The nuclear disaster in Japan is the case study that just keeps on giving. Putting aside the policy and planning issues about the reactor itself, there is another problem, the extent of which we still don’t know. The power plant, like many other industrial facilities, made extensive use of temporary workers. However, at the Fukushima Daiichi nuclear power plant it was temporary workers, according to the New York Times (http://nyti.ms/fEeMjR), that were assigned the ts, “thousands of untrained, itinerant, temporary laborers who handle the bulk of the dangerous work at nuclear power plants here and in other countries (are) lured by the higher wages offered for working with radiation. Collectively, these contractors were exposed to levels of radiation about 16 times as high as the levels faced by Tokyo Electric employees…”
Any way you look at it, this is a questionable practice. Even putting aside the ethical issues, can management avoid dangerous work and still really mange teh plant? Yet, the decision was to expand the use of temps after the plan was damaged. Much of the heroism we’ve heard about in Fukushima… the desperate efforts to stop the reactor from melting down, lives potentially lost to radiation exposure, continuing to work while the reactor might explode at any moment… appears to be the work of temps.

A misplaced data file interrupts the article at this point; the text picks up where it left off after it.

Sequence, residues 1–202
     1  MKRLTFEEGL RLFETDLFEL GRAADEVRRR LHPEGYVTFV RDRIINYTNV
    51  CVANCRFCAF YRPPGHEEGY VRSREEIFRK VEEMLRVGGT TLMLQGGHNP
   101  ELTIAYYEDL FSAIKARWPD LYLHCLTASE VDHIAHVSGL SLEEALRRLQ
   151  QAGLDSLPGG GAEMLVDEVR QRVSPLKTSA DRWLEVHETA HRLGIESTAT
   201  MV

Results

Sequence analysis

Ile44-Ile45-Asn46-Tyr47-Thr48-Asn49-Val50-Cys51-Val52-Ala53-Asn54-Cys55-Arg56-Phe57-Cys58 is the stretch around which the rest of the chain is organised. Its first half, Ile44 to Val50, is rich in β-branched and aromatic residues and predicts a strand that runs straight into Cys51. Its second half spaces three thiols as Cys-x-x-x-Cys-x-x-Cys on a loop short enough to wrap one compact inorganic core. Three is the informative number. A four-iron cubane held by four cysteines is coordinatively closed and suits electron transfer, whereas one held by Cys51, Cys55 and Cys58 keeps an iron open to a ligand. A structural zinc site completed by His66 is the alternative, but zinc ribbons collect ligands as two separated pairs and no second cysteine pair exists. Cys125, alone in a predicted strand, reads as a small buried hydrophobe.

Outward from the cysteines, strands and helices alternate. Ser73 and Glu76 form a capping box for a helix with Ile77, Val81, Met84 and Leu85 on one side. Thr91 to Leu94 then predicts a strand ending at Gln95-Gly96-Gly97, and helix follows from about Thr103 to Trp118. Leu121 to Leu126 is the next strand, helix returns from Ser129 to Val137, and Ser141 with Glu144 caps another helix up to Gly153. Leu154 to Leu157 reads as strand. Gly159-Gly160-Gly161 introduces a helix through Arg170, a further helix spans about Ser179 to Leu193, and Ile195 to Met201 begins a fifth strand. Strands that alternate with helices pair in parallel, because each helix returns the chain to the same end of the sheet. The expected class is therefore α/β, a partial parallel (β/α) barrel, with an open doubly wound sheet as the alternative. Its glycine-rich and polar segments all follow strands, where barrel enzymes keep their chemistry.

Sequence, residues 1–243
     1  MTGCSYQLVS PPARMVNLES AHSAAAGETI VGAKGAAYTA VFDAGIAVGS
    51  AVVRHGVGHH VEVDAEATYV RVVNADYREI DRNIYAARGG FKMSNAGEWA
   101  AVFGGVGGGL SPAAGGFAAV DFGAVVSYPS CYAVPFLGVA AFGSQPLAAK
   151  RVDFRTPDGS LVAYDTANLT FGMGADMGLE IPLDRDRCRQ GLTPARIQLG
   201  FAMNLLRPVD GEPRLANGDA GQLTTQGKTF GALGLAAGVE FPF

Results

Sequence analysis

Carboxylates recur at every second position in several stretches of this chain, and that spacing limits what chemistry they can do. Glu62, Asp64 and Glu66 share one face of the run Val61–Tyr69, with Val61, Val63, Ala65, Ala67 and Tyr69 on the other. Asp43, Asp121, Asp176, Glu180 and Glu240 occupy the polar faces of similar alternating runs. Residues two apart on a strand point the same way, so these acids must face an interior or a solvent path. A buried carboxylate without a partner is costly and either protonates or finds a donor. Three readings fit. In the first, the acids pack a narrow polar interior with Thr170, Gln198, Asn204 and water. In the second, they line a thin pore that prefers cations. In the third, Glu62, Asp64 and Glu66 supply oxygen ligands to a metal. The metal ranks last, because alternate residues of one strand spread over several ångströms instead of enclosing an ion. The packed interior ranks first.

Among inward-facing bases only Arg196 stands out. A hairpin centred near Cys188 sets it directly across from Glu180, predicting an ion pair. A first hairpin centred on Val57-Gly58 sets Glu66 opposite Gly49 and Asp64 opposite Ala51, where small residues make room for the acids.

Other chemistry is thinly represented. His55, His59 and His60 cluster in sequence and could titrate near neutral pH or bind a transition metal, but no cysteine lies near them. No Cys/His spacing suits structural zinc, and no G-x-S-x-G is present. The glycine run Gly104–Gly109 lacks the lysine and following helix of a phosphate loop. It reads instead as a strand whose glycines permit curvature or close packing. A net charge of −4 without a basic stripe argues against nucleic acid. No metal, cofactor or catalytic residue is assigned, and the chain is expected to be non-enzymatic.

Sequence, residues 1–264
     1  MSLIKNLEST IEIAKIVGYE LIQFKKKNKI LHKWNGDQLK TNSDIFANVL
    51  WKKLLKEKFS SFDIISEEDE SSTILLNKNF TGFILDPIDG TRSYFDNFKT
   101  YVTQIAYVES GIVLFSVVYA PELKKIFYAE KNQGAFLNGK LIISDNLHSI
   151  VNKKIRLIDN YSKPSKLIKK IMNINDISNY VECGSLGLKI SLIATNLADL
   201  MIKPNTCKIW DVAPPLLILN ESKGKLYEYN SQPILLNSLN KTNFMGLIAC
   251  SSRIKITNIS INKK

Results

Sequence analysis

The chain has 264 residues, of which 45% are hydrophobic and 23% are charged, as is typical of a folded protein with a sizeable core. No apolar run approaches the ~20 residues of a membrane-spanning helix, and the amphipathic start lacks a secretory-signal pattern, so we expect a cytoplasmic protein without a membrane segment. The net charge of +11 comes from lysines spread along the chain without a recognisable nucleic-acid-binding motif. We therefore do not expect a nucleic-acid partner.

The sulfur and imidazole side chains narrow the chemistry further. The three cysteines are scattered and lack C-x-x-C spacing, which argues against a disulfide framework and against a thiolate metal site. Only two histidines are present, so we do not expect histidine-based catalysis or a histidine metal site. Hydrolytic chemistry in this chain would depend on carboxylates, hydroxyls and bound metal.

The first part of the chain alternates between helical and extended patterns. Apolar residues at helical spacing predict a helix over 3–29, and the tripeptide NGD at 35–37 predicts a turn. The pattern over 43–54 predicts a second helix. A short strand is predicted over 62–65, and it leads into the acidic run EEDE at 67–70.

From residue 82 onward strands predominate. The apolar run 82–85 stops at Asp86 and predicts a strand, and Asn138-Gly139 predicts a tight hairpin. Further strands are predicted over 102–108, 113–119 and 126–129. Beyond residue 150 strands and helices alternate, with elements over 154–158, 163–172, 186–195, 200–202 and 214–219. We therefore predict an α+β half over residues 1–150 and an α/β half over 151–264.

I’ve never been to Fukushima and I certainly didn’t have any plans to visit anytime soon, so I guess I’ll have to wait for additional news from Japan to know what’s really been going on at the plant for the last few weeks. However, I wonder, exactly which functions have been given to the temps, just because they are dangerous. The most fundamental rule in Outsourcing is that you never outsource your core. It’s pretty much the mantra of the outsourcing industry. But when things go wrong in a nuclear power plant a LOT of functions suddenly become dangerous. If all the managers can only manage “from the rear” (preferably from behind a lead wall) I’m not quite sure how the very best management decisions can be made. We’ll see what unfolds in the coming weeks, but I’m getting the feeling that Japan’s nuclear power managers weren’t thinking about protecting their core functions when that “other” core starting having problems.
Having worked with a LOT of different fortune 500 firms I can tell you that there is little consensus about which functions are core. In many organizations, I’ve found that there is little analytic thought devoted to identifying core functions. Instead the core is usually defined by tradition and habit. What about your organization? What is the process that you use to identify your core functions? How do you decide which positions should be filled by a full-time worker, a contract worker, a temp or should be outsourced?
In the past, this question was somewhat academic. Outside of a major re-organization, this was not a frequently asked question. Today, however, the impact of outsourcing combined with the rise of Cloud-based functions makes answering this question a much higher priority for every manager. Give some thought to how you define your core functions, and we’ll revisit this issue in a few days. But for now, that’s my Niccolls worth!